BOATING ACCIDENTS – THE BASICS LAW

Negligently operating a pleasure boat…even one under the influence of alcohol…was not a crime up to thirty years ago. Federal law did not apply to the accident or negligence, depending on where it occurred. California does not consider driving a vessel while under the influence of alcohol a crime. The number of vessels used increased, and the types of vessels made available to the public expanded to include fast-moving maneuverable craft like jet skis or windsurfers. Eventually, various government agencies passed more stringent laws regarding vessels and their operation.

There are still far fewer restrictions in the United States than in any other country on the operation and use of pleasure boats. For profit or pleasure, every operator of any European boat or vessel must have a license. The United States does not require any license to operate a vessel unless it is used for a fee.

One European friend said to the writer that it was amazing. We have to complete months of training and pass a test in Sweden. You buy the boat, pay for the registration and turn the key. Then you can travel wherever you like with anyone you wish.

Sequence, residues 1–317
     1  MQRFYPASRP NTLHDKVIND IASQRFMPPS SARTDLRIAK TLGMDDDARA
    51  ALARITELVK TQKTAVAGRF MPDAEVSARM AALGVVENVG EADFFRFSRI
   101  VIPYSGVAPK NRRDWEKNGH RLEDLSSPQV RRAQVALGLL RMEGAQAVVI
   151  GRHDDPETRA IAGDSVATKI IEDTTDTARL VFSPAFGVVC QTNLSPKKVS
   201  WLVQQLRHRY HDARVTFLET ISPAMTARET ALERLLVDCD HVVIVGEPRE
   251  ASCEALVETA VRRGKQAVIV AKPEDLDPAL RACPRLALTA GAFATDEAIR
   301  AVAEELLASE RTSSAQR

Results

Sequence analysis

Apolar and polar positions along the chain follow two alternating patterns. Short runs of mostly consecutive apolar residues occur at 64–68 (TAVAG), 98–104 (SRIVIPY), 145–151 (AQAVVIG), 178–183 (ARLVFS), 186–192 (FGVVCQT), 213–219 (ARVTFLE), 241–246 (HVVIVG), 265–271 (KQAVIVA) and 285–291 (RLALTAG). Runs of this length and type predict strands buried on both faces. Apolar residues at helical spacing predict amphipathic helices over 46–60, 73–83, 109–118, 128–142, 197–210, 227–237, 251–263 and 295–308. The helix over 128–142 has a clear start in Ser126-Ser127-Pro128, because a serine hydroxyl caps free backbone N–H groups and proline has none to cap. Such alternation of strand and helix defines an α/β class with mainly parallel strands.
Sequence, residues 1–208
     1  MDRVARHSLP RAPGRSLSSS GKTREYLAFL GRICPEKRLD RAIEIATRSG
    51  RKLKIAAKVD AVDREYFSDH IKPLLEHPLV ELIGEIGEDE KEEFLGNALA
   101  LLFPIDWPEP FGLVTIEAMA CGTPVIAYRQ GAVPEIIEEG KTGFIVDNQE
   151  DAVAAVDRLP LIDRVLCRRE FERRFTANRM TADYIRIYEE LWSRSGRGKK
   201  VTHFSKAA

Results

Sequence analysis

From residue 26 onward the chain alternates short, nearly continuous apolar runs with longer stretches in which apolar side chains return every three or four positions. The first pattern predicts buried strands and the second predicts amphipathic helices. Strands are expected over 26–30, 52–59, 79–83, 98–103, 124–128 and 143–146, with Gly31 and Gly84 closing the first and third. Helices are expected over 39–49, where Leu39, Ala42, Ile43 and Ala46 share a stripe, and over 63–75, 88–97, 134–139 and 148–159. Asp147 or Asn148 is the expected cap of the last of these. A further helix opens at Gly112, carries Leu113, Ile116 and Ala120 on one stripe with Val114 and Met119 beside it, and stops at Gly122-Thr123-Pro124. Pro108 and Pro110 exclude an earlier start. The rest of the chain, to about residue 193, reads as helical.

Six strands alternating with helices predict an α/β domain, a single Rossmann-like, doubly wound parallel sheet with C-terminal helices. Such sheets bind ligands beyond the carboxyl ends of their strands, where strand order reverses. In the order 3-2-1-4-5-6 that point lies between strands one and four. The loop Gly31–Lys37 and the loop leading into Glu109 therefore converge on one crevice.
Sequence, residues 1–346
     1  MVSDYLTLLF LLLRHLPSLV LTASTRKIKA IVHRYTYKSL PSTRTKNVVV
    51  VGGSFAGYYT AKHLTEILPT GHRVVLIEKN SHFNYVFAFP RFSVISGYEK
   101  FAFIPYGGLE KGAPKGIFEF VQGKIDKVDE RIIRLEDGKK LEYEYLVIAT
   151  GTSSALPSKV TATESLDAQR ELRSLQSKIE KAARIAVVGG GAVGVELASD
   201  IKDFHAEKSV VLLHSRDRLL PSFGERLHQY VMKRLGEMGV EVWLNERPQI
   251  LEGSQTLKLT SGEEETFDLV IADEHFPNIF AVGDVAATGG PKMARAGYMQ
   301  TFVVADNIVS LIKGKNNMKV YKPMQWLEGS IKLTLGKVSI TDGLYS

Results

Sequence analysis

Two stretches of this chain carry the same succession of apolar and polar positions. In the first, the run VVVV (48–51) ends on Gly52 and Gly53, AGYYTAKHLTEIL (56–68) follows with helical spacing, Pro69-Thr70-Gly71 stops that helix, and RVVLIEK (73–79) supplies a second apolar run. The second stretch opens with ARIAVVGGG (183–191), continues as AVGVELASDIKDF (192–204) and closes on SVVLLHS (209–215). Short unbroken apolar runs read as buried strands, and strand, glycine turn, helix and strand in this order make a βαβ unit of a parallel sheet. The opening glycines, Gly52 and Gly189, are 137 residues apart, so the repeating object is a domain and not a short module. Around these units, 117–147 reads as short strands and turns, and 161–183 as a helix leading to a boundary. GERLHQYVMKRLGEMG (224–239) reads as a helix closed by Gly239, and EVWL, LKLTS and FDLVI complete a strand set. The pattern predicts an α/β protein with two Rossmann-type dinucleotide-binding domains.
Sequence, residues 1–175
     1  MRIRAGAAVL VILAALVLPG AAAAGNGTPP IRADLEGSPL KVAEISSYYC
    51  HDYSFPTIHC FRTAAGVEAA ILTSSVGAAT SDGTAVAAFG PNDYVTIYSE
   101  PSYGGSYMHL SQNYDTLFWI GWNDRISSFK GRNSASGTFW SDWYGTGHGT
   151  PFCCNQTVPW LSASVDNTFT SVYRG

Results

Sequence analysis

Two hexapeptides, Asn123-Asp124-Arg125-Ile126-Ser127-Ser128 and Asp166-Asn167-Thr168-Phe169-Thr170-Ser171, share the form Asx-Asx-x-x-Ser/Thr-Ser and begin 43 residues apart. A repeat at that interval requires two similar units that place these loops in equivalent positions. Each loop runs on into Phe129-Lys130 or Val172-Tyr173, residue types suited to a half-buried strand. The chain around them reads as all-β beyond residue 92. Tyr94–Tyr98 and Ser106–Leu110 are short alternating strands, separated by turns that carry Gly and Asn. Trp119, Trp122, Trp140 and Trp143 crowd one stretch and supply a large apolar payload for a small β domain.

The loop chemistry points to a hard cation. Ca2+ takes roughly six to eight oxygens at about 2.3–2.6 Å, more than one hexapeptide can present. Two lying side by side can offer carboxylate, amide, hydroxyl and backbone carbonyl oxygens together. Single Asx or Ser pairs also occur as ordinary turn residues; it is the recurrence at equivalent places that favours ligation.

Notice that compensation for using a vessel is not considered a contribution towards operating expenses. The United States Coast Guard must license the captain and vessel. These licenses are subject to a series background checks and tests.

Most pleasure boat owners feel that operating on the seas is safer than driving on land. While torts laws at land differ from those at sea, there are many forums for resolving disputes. However, it is wrong to assume that road rules do not impose any significant liability for the failure to operate the vehicle safely.

This article will outline the most important law for accidents involving vessels within United States waters. This article does not address the laws applicable to commercial vessels.

Basic Definitions of Vessels and their Status:

Boats can be pleasure craft of all types and sizes, motorboats like speedboats and runabouts, boat cruisers and outboards, speedboats, sailboats and sailing yachts (with or with auxiliary engines), rowboats and jet skies, and canoes.

Navigation for recreational and commercial purposes and navigation for pleasure are equally important in law. Both small craft and large steamers are entitled to navigable waters. Each party owes another the duty to exercise due care to avoid injury. Injuries resulting from violations of this duty, regardless of intent or negligence, carry the legal responsibility for covering any damages.